With the pitches in England supporting the slow bowlers and with forecast of rain, it is better suited that they use Graeme Swann, their spinner wisely. Swann could use South Africa's inability to play quality spin to their advantage. As for the English batsmen, they have been performing well, especially the top order batsmen such as Jonathan Trott, Ian Bell and Alistair Cook. In spite of their consistent score, what the English team has failed is to put up more than 300 runs on the board in any of the matches. Unlike South Africa, they lack quality power hitters down the order.
South Africa only lost their first match of the competition against India but only after giving Indians a run for their money, as they came close to India's total of 331 runs. The South African batsmen have been batting well in the tournament with Hashim Amla, Ingram, DeVilliers scoring runs to put the Proteas in good shape. They have a better finishing power with the likes of Peterson, Du Plessis and David Miller in the middle order.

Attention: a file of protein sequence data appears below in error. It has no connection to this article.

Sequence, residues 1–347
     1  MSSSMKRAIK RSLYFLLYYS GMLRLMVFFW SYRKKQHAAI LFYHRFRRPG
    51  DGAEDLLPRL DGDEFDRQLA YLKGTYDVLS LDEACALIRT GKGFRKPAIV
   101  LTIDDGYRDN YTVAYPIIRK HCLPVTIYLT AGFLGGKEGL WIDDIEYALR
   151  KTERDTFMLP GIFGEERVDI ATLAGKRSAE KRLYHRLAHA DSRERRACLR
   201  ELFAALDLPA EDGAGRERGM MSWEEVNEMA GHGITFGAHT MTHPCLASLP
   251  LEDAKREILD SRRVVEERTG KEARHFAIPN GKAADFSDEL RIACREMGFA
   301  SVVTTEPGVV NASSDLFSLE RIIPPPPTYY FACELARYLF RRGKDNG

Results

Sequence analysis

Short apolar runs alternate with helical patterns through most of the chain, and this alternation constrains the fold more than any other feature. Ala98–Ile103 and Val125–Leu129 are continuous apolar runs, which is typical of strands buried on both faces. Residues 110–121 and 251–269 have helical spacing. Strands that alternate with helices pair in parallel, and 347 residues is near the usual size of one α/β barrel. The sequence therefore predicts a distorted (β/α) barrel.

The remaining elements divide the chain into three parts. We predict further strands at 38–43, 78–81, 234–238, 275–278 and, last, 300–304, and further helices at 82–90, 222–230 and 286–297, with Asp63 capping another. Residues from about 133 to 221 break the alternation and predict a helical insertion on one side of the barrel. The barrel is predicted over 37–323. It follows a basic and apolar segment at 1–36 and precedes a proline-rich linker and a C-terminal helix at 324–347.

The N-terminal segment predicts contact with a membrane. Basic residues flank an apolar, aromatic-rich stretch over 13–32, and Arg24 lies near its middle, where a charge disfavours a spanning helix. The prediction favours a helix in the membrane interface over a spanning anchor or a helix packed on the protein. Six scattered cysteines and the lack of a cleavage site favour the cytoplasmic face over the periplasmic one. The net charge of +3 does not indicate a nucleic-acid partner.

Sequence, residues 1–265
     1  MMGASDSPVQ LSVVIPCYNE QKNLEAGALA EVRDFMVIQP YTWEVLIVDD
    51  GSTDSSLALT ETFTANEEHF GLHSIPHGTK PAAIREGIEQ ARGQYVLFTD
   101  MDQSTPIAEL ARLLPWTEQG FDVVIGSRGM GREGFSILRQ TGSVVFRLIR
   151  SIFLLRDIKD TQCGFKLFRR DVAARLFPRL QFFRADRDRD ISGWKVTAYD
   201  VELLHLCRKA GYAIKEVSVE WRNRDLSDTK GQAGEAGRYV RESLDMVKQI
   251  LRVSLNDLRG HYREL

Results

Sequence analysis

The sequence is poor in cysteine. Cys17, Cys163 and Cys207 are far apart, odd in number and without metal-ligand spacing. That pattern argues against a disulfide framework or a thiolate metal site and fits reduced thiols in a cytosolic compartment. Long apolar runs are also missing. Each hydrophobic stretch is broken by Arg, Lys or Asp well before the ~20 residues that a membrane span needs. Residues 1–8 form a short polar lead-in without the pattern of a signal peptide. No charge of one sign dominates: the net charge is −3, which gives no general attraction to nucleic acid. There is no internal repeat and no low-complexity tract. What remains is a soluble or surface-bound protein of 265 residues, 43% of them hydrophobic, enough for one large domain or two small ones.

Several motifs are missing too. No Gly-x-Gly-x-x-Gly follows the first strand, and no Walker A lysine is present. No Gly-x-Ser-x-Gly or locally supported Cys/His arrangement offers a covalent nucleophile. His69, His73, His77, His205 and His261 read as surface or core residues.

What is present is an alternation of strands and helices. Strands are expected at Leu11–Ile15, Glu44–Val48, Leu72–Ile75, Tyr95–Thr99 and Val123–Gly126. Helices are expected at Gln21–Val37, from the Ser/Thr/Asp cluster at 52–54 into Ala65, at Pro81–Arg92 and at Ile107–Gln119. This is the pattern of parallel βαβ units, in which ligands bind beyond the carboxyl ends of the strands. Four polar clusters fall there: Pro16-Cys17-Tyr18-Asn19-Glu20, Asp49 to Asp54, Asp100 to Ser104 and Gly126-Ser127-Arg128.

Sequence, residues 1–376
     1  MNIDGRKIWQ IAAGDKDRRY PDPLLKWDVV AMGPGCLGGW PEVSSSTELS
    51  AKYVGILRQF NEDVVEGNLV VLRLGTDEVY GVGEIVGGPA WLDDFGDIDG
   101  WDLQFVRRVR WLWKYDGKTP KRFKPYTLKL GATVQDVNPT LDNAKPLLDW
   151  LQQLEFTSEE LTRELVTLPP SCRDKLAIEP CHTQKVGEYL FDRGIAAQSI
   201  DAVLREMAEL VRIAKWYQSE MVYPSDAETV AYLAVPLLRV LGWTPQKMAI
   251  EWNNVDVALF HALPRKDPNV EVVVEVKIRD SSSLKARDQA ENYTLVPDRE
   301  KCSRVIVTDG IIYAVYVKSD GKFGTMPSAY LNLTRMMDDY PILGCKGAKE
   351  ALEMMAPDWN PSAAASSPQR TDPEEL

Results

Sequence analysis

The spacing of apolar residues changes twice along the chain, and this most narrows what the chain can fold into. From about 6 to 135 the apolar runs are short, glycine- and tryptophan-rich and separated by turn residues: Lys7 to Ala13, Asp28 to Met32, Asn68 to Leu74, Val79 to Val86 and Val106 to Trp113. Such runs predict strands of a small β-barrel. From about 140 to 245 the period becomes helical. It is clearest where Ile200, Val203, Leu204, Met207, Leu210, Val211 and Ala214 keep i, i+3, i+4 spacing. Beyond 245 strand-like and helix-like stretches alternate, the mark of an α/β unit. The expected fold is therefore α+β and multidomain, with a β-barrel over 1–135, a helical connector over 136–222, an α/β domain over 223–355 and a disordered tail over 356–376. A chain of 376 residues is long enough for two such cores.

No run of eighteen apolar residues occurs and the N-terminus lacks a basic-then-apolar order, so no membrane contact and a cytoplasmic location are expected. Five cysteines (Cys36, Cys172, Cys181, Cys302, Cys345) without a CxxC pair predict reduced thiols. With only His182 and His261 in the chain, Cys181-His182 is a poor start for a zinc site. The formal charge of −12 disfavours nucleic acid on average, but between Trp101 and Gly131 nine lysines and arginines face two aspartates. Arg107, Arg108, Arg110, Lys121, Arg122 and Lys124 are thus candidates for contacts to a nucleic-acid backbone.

The South Africans may lack quality spinner, which might be a major drawback, but they have one of the best fast bowlers in the world in the form Dale Steyn, for whom the conditions hardly matter. He is someone who believes in pitching the ball at the right areas with good pace, and he needs to be in top of his game, if South Africa are to contain or bowl out the confident looking English batsmen. Robin Peterson and Duminy will roll their arm over as spinners in the match.
The team, which walks away with the game in the first semis will play the finals of the last champions trophy to be ever played and await for the result of the other semi-finals, where two Asian giants, India and Sri Lanka will clash to reach the finals, to be played at Edgbaston on June 23.
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